During the trial the defendant attempted to prove that the complaining witness had had sexual intercourse with other men but the objections of the prosecution were sustained. He now contends that such evidence was admissible as showing a want of credibility in the testimony of the complaining witness. But it was not admissible for that purpose. People v. Murphy, 53 Cal.App. 474, 200 P. 484. Again he claims it was pertinent on the issue of consent. However, as she was only fifteen years of age, there was no such issue. 22 Cal.Jur. 375 “Rape,” sec. 22.
The defendant took the stand as a witness in his own behalf. He admitted convictions of three prior felonies. On cross–examination the district attorney asked questions tending to show that one felony was a violation of the Dyer Act, 18 U.S.C.A. § 408, and the other two were forgeries. The defendant objected, claiming he could not be cross–examined on such matters. Penal Code, sec. 1323. He is mistaken. Such facts could properly be shown by cross–examination or the record of the judgments. People v. Soeder, 150 Cal. 12, 20, 21, 87 P. 1016.
Before proceeding let it be noted that the defendant took the stand as a witness in his own behalf. He testified to all incidents occurring between the early part of the evening of Monday, August 12th, and extending to a time about 4 a. m. Wednesday, August 14, 1930, regarding the acts of himself, of the prosecuting witness, and of his friend Charlie Sinclair. The defendant denied that he had had sexual intercourse with the prosecuting witness. He volunteered that he had made some purchases for her. He volunteered that he was writing checks and that both Charlie and Dorothy were broke. The defendant testified that he slept on a couch alone, but that Charlie and Dorothy slept together in the only bed in the apartment. He now complains because on cross–examination he was asked questions regarding the checks he wrote and the purchases he made for the prosecutrix. But we have not found any ruling that was made by the trial court which improperly extended the boundaries of the cross–examination of a defendant in a criminal action. Penal Code, sec. 1323; People v. Turco, 29 Cal.App. 608, 610, 156 P. 1001; People v. D'Angelo, 13 Cal.2d 203, 206, 88 P.2d 708.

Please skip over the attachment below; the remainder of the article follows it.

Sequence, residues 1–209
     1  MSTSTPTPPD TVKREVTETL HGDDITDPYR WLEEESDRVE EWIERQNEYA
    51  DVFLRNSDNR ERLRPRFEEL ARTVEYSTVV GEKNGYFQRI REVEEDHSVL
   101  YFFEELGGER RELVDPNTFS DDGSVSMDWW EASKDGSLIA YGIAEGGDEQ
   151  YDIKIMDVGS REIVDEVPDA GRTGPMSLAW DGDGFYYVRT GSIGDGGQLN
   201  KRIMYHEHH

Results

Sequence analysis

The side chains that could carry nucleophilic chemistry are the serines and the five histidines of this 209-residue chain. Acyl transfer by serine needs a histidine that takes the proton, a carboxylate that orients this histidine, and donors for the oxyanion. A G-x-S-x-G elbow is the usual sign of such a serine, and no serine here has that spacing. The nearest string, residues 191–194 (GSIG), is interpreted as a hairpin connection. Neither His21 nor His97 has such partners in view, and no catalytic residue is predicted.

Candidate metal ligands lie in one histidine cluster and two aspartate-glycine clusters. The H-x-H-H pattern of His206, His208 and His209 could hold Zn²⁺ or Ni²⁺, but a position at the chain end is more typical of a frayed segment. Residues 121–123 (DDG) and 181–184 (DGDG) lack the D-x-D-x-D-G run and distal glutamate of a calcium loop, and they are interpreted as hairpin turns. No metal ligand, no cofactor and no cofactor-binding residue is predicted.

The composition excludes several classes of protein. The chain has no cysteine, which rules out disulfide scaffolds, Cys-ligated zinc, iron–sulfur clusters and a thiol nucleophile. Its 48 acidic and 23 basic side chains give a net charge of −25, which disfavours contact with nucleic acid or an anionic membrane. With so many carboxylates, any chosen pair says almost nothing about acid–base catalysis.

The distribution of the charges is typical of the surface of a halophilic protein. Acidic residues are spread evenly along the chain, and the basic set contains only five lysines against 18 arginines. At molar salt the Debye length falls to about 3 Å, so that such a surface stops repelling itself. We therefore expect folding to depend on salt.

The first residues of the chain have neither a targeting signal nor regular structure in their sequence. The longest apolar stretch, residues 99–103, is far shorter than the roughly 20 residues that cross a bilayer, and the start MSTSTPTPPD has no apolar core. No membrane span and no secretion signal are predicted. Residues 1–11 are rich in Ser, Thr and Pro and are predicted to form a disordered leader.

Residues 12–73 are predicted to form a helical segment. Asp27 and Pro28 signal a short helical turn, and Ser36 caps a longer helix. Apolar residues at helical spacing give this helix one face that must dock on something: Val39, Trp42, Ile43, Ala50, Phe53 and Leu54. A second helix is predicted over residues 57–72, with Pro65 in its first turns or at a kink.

In his argument in submitting the case the district attorney asked the jury to so frame its verdict that the defendant would be sent to state prison and not to the county jail. He acted clearly within his rights. The punishment for the offense on trial is provided in section 264 of the Penal Code. Under certain facts the jury by its verdict is entitled to make recommendations to the court as to the punishment to be imposed. Under such circumstances it is quite clear that the district attorney was entitled to include within the scope of his argument what recommendation, if any, should be made by the jury.
No other point is stated, argued, and supported by authorities. Points not so presented need not be considered by a court of review. In People v. McLean, 135 Cal. 306, at page 309, 67 P. 770, at page 771, the court said: “We again repeat what we have said before,––that we will not examine alleged errors presented in this way. It is due to this court from the members of the bar to point out clearly and concisely the rulings complained of as erroneous and the reasons why they are so, with reference to authorities, if any. In case counsel will not take the trouble to do so, we shall deem the matter as of not sufficient importance to merit notice in an opinion. People v. Woon Tuck Wo, 120 Cal.  297, 52 P. 833.” That passage is directly applicable to a number of contentions contained in the brief of the defendant.
The judgment and order appealed from are affirmed.
NOURSE, P. J., and SPENCE, J., concurred.